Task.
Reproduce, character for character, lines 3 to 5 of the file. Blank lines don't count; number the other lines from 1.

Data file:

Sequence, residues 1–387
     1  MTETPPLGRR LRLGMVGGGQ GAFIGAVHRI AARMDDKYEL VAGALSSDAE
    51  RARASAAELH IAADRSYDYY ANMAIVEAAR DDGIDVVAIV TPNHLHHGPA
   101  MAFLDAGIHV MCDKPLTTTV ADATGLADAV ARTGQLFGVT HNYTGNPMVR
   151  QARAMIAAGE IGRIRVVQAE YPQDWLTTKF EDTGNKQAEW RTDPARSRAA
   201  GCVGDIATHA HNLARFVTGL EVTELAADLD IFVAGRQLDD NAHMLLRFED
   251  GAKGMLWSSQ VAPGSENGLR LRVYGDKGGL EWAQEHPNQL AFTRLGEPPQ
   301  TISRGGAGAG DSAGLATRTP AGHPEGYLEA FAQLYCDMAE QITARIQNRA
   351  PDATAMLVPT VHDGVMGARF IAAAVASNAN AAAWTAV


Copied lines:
    51  RARASAAELH IAADRSYDYY ANMAIVEAAR DDGIDVVAIV TPNHLHHGPA
   101  MAFLDAGIHV MCDKPLTTTV ADATGLADAV ARTGQLFGVT HNYTGNPMVR
   151  QARAMIAAGE IGRIRVVQAE YPQDWLTTKF EDTGNKQAEW RTDPARSRAA